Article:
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Star Wars (Game Gear)

Star Wars Game Gear Title screen

MISSING COVER

78
MobyRank
100 point score based on reviews from various critics.
3.8
MobyScore
5 point score based on user ratings.
Written by  :  ETJB (385)
Written on  :  May 30, 2012
Platform  :  Game Gear
Rating  :  3.2 Stars3.2 Stars3.2 Stars3.2 Stars3.2 Stars
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Summary

A Long Time Ago...In A Nintendo Far, Far Away

The Good

Star Wars looks and sounds about as close to the 1977 film as a 8-bit Nintendo NES game could. The game's graphics, sound and music and storyline are well done and the standard platforming is broken up with some adventure quest elements and rides in some familiar vehicles and space ships.

The Bad

Star Wars is a frustratingly difficult game, which may cause many gamers to quickly lose interest.

Part of the problem is the game play mechanics, which seem a bit rough around the edges, especially for a game that often requires precious movements to avoid death. For example, the characters often slip and slide, which can making successfully jumping onto platform difficult.

While the adventure elements are a nice touch, having to map out an 8-bit desert terrain, for example, while also dodging enemies on your land speeder gets stale fast. Granted, it is likely hard, if not impossible, to make desert landscape particularly interesting within the hardware limitations of the old Nintendo.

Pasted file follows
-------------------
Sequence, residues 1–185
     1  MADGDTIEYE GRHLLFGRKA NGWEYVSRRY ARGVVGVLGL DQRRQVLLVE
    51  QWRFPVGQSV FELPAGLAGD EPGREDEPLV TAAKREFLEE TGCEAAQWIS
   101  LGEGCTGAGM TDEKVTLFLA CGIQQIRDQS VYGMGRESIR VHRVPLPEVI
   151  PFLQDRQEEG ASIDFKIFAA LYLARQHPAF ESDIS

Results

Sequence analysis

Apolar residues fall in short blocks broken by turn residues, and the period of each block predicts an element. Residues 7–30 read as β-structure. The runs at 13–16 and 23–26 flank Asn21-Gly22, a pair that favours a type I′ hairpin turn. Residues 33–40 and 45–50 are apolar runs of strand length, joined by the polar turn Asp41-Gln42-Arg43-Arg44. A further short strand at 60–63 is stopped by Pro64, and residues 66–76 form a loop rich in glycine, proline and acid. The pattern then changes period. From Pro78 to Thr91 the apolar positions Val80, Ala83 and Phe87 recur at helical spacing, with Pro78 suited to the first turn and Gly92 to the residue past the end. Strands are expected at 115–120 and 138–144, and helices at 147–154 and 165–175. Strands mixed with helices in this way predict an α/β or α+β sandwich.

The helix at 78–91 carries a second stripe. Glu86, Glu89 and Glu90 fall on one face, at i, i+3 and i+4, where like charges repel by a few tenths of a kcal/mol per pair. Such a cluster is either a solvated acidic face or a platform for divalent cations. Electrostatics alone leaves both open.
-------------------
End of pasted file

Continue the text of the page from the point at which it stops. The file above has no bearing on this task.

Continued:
However, the ability to explore worlds and the sequences that attempt to break up the standard platforming format with vehicles should be a lot of fun, especially to Star Wars fans. Yet, they are often more annoying them anything else.

Once you get inside the proper locations, you need to locate a familiar person or item, while also making tricky jumps and killing an assortment of Star Wars villains (i.e. Stormtroopers, Jawas and sand people).

While being able to switch between Luke, Han and Leia during game play is nice, all of the characters die remarkably easily and, unless Obi-Wan is located, their are no extra lives. Even then, the game has to be completed in one setting or else you get to start all over again.

Locating R2-DT and C3PO does not make them playable characters, but they can give you some advice or even access to a map. Chewbacca is, oddly enough, excluded from the game

Last, but not least, the game does not really have the traditional sort of bosses one might expect to see a platforming game.

Nice little Intermission sequences pop up when you locate a person or character or move onto the next level, but sometimes you may find yourself wanting bosses.

Heck, Darth Vader is basically reduced to mocking the player in game over sequences.

The Bottom Line

Star Wars looks and sounds about as close to the 1977 film as was possible for the Nintendo NES. Sometimes it may seem like, in comparison to the graphics and sound, not enough time was put into the game's control mechanics or smoothing out the action and adventure gaming elements.